Muscat, (Business News Report)|| The annual inflation in the Sultanate of Oman rose during the month of May by 2.4%, in light of the rise in prices globally due to the impact of the Russian-Ukrainian war.
Data from the National Center for Statistics and Information showed that inflation rose by 2.4% in May, compared to the same month last year.
On a monthly basis, the inflation rate decreased to 2.67% in April 2022, after it was 3.6% in March 2022.
The annual inflation rate was 4.0% in February 2022 and 4.4% in January of this year.
The CPI covers consumer spending incurred by households, and does not include spending on loan installments, income tax, home purchases, stocks or any other financial assets.
The IMF expects inflation in Oman to peak at 3.7% in 2022 before declining to 1.9% by 2025.
In a separate context, Oman welcomed the final statement of the IMF mission after the conclusion of its visit to the Sultanate is in preparation for the 2022 Article IV consultation mission.
The mission valued the discussions held with representatives of the Central Bank of Oman and the ministries of Finance and Economy, the Omani Investment Authority, the National Center for Statistics and Information, and a number of other agencies.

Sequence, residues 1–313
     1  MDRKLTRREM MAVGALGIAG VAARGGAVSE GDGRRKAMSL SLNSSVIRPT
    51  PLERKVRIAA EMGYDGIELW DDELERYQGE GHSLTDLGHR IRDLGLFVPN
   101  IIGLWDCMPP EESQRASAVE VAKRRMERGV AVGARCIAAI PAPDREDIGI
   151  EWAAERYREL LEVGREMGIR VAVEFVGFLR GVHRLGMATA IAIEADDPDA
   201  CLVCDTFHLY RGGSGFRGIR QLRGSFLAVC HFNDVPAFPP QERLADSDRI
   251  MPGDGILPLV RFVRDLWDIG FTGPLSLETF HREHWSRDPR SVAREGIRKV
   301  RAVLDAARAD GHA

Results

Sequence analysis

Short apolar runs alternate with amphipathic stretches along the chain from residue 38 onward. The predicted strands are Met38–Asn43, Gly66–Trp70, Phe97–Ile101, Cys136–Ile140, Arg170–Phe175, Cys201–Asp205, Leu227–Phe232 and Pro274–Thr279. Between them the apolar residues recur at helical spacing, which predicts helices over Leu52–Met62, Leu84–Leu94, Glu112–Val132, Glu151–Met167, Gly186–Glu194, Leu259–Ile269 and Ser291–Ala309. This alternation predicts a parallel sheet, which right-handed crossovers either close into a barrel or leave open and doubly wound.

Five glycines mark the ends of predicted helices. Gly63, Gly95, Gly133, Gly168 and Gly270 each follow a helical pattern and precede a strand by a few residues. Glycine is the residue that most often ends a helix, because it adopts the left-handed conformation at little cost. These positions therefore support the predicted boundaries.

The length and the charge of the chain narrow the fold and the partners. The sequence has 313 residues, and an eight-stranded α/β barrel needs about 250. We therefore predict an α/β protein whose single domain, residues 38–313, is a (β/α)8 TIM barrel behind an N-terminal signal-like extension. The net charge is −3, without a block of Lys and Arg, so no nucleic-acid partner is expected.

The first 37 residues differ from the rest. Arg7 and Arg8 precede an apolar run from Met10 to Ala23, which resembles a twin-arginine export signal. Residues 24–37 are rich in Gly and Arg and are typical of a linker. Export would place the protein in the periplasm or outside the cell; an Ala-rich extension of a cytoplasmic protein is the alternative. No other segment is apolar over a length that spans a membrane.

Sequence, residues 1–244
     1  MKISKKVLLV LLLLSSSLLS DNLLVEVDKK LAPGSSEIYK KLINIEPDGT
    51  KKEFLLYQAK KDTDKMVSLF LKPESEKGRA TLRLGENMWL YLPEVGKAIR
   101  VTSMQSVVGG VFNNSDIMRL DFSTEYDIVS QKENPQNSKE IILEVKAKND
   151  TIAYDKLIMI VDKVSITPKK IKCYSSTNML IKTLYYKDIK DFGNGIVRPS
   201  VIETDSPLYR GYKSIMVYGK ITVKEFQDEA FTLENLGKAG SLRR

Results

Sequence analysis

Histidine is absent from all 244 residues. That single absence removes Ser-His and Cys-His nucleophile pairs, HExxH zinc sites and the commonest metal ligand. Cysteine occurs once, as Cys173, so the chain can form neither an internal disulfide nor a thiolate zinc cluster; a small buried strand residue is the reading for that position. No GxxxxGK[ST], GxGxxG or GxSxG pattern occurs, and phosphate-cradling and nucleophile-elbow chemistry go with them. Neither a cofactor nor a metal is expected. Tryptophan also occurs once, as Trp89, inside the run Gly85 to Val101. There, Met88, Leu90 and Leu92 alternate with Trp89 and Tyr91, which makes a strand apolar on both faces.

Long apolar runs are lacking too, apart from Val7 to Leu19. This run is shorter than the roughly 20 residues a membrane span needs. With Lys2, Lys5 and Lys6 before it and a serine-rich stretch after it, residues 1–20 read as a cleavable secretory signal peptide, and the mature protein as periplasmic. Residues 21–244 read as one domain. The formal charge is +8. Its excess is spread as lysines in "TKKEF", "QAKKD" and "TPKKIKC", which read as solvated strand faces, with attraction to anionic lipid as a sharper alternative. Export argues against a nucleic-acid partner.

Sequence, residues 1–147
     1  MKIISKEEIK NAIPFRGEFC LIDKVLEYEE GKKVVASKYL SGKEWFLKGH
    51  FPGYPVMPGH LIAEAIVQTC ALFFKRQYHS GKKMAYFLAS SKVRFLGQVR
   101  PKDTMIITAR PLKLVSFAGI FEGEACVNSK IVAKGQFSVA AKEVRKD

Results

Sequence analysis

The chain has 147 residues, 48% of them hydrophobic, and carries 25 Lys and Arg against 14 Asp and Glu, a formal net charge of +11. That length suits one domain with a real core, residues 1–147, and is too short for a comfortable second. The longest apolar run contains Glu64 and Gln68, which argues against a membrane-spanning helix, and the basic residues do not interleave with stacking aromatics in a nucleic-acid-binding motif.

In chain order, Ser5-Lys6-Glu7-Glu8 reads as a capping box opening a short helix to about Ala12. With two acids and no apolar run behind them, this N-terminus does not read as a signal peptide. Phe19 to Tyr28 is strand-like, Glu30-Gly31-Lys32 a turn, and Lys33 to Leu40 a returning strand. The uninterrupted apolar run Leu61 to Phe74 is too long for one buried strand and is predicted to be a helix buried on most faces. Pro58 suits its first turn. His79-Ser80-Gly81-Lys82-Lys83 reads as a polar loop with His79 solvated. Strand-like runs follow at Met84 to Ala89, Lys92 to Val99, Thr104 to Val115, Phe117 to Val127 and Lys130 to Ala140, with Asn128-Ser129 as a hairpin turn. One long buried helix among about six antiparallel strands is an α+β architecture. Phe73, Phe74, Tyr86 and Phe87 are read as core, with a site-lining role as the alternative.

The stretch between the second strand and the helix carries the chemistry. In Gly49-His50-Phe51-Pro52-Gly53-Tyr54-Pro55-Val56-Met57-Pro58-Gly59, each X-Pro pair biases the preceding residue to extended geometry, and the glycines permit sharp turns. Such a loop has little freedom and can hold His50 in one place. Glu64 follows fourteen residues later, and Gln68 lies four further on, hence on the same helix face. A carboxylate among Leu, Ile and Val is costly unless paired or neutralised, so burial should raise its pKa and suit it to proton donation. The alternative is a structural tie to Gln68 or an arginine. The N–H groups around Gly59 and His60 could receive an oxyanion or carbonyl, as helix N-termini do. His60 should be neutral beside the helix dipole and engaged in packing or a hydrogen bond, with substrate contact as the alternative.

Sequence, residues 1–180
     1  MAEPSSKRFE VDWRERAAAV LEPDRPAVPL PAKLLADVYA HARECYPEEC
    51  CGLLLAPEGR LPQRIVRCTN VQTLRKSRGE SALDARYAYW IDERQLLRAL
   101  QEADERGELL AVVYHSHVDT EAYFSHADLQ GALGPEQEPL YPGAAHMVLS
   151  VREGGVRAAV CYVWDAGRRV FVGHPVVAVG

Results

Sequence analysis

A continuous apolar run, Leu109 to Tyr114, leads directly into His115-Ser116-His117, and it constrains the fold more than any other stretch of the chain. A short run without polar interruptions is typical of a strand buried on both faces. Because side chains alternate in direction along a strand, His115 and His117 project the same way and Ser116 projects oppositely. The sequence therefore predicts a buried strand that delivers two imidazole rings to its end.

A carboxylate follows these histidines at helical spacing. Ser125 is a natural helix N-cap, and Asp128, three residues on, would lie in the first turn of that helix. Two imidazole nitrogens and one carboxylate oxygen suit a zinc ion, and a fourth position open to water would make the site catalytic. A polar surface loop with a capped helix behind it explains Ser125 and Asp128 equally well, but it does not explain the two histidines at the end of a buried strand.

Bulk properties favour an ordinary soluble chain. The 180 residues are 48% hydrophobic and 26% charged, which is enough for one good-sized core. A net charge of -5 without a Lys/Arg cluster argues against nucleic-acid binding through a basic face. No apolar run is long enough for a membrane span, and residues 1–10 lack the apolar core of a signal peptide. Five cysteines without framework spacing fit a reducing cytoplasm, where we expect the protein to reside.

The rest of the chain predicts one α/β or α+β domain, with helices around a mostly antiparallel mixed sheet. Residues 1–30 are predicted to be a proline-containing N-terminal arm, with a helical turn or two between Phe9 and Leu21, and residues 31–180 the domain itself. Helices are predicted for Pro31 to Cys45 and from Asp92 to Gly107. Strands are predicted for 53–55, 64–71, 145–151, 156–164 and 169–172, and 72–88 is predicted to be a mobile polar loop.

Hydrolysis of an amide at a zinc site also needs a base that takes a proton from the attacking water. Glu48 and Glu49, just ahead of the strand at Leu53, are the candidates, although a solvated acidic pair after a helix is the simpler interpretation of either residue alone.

The mission expressed its appreciation for the efforts made by the Government of Oman to mitigate the effects of the pandemic and its progress towards recovery and financial measures directed at social support and helping companies to recover economically from the effects of the pandemic.
It appreciated the role of the control measures taken by the government in terms of public finances and the efforts made by the Central Bank of Oman to strengthen the regulatory and supervisory frameworks.
In terms of future prospects, real GDP witnessed a growth of 3% in 2021, and is expected to grow at a rate of 4.5% in 2022, driven mainly by the growth of oil activities.
The IMF also expects the financial indicators of Oman to improve by achieving a fiscal surplus estimated at 5.5% of the GDP in 2022, with the continuation of fiscal surpluses in the medium term, and a decrease in public debt from about 63% of GDP in 2021 to 45% in 2022.